They contain recently browsed web pages, ARM code translated from Intel executables, security data, font information, and much more. And they can cause problems.
Two basic rules: M1 Macs run Arm-native code when it’s available, but won’t mix ARM-native and Intel code in the same process. Here are the details.
Internally, it isn’t called Rosetta, but OAH. Although itself tiny, its demands on memory and CPU can be great. Details of how and what it does, and more.
A short introduction to some of the highlights and quirks of M1 Macs, from dealing with apps which don’t run properly, to entering Recovery Mode and dealing with disaster.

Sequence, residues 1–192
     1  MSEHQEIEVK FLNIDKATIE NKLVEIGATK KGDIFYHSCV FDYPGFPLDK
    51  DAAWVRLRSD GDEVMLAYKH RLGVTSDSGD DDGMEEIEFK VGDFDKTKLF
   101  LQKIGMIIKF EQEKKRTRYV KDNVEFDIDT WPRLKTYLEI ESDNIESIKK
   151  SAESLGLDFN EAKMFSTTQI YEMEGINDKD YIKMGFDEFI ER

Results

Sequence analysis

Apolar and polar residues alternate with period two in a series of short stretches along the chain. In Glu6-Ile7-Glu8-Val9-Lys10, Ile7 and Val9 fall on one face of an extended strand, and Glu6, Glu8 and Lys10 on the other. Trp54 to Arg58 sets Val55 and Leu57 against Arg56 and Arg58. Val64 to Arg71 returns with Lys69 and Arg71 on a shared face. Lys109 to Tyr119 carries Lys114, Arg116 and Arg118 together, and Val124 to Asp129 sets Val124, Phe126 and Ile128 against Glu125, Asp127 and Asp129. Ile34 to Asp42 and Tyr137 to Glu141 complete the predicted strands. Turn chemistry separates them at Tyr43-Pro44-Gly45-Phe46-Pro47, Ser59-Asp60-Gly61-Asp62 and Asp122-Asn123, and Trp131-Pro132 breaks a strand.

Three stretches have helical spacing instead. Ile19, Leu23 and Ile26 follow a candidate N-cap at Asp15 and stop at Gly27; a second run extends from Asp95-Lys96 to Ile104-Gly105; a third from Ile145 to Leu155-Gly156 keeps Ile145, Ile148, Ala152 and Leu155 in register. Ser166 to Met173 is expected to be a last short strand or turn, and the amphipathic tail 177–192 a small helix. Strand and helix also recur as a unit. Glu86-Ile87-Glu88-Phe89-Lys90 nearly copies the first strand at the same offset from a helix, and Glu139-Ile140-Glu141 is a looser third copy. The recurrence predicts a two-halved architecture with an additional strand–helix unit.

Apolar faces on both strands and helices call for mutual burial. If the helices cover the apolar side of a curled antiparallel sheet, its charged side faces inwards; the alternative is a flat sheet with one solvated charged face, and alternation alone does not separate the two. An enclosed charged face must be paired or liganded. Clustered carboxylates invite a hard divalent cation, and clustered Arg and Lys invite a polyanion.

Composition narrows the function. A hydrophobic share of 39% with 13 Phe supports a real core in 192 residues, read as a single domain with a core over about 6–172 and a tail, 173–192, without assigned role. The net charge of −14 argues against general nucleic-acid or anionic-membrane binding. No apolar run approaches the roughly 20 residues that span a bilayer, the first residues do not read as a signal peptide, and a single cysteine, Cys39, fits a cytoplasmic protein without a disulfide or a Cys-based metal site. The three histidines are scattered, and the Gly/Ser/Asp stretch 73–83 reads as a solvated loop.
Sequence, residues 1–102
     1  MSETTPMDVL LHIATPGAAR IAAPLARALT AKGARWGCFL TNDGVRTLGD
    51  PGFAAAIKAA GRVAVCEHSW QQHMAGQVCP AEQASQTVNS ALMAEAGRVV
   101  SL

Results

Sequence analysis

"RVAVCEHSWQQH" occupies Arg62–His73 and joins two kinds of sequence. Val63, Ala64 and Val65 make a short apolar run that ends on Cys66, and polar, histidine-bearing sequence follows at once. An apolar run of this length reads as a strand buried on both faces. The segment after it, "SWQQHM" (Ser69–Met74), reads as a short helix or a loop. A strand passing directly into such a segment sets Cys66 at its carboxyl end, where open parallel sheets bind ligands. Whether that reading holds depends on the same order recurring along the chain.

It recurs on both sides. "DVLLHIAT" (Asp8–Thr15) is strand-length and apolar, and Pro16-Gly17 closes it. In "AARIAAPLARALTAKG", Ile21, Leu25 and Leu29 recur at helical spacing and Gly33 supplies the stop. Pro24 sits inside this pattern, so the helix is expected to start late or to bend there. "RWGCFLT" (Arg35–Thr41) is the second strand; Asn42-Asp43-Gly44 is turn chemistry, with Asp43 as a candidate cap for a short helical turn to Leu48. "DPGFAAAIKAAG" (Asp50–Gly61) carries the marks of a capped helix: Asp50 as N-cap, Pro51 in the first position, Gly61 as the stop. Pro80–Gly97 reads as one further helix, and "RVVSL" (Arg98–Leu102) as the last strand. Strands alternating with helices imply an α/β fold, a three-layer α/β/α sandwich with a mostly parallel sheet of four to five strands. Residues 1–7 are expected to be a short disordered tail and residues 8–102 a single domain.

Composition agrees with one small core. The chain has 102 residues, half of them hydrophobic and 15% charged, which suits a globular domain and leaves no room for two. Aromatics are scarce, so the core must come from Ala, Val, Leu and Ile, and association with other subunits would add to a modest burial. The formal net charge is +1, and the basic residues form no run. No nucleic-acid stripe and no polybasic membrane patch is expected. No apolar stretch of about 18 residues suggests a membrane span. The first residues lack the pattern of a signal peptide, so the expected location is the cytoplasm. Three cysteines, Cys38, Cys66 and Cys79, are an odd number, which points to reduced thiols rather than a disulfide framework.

Some apps nap, others enter the realm of the undead: they’ve gone, but are being kept in suspended animation. And Rosetta can keep them that way for a long time.
Time has changed in M1 Macs, with the Mach clock ticking every 41.67 nanoseconds. This affects all log entries too, and works differently in Rosetta.
Apple warns that “Rosetta translation applies to an entire process, including all code modules that the process loads dynamically” – here are some implications.
Here are several good reasons that Big Sur will need more storage space than previous versions of macOS.
macOS 11 Big Sur comes with the promise of Macs with Apple’s own processors later this year. So what changes?